Most young Canadians say their mental health is upset by the threat of climate change, according to a new report.

In a report from Lakehead University, eight-in-ten Canadians aged 16 to 25 said climate change impacts their overall mental health.

“Evidence increasingly illustrates that young people are particularly vulnerable to climate distress and anxiety,” wrote the authors and researchers Lindsay Galway and Ellen Field.

Among the most common emotions young Canadians reported was fear (66%) and powerlessness (56%), and among the least common emotions reported was optimism (21%).

The authors said these emotions have consequences.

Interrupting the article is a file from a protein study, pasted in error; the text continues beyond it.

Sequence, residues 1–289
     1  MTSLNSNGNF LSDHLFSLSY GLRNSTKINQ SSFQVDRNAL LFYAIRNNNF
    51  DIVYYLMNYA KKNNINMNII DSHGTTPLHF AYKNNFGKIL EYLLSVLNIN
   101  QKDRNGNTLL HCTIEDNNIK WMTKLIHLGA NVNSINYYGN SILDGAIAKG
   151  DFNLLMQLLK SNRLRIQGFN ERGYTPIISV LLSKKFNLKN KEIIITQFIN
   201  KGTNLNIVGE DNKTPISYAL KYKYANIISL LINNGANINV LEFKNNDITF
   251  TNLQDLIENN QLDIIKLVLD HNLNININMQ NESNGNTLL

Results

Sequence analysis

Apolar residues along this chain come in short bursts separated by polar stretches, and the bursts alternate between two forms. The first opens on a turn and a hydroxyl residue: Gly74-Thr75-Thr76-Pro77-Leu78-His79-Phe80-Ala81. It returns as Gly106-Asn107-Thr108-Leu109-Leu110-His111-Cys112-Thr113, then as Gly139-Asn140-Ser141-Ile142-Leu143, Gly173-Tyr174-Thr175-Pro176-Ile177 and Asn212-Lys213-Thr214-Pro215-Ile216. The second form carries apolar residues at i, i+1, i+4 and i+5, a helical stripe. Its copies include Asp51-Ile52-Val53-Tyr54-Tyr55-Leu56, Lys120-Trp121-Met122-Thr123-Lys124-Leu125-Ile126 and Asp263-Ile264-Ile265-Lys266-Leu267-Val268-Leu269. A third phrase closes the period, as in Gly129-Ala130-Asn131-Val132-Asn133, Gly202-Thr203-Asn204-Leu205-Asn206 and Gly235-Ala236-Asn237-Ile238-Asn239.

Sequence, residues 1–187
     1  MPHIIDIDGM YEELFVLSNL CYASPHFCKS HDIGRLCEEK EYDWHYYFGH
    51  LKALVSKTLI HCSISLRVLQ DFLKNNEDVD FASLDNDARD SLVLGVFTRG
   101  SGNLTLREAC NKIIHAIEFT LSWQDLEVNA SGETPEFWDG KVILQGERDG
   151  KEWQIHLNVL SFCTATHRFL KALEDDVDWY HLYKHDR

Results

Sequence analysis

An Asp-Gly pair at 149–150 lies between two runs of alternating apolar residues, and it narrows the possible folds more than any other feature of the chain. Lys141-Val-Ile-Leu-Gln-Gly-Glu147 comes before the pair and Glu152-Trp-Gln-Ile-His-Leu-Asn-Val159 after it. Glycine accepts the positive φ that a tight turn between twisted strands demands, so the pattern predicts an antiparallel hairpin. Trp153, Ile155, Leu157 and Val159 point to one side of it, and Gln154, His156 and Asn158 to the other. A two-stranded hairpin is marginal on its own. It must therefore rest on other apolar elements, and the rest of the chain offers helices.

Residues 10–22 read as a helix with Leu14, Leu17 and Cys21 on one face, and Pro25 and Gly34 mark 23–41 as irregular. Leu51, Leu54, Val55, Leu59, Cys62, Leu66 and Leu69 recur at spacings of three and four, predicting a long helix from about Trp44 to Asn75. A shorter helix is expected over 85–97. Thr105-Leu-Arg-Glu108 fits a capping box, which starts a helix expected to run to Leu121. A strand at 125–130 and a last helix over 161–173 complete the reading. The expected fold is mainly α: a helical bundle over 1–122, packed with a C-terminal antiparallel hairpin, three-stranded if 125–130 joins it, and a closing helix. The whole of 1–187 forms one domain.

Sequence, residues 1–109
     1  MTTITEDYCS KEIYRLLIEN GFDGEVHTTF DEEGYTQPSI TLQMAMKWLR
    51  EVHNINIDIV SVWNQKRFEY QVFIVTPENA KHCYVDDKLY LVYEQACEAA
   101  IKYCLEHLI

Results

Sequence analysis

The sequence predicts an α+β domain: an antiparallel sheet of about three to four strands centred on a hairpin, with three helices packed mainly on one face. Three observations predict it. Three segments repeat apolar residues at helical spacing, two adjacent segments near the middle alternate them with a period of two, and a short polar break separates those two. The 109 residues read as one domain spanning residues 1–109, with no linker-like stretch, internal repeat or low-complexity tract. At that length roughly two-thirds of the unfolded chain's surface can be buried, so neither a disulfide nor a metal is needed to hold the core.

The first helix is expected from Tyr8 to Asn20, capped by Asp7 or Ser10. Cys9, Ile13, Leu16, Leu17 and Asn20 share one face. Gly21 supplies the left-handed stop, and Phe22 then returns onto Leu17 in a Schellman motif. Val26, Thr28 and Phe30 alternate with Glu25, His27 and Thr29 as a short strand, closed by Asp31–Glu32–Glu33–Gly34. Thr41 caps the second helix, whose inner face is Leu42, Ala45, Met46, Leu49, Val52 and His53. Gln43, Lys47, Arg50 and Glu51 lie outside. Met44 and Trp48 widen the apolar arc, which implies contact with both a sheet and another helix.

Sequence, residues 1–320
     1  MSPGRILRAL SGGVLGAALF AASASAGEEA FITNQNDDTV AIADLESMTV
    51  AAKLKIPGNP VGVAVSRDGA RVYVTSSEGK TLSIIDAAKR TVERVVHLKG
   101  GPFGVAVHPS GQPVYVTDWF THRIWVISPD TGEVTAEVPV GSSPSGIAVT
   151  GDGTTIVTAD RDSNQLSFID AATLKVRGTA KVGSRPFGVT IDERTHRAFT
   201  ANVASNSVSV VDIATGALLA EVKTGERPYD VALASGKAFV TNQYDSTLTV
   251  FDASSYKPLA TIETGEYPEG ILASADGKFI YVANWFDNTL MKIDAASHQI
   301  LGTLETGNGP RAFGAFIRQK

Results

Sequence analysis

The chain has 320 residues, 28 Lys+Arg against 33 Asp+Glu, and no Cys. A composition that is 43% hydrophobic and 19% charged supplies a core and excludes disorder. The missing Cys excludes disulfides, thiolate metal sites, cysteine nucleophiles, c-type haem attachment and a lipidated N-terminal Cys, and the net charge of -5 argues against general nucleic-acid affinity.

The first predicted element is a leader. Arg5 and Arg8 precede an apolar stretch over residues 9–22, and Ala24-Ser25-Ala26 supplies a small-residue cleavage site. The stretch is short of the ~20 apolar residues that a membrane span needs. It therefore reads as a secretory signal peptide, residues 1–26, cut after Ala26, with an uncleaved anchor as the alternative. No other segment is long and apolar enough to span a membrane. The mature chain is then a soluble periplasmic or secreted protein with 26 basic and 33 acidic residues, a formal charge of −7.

“Our data illustrate that the climate crisis is impacting the overall […] daily functioning of young Canadians.”

Four-in-ten respondents said their daily life is negatively impacted by feelings about climate change, and that climate change makes them hesitant about having children.

Canadian culture has shifted to address these worries in youth, including by adding mental health support to universities.

In February, Simon Fraser University hosted climate-anxiety seminars. Students were taught about mental health caretaking, such as by increasing exercise, reducing caffeine intake, and increasing meditative breathing exercises.

The Lakehead University online survey was conducted with 1,000 Canadians aged 16 to 25.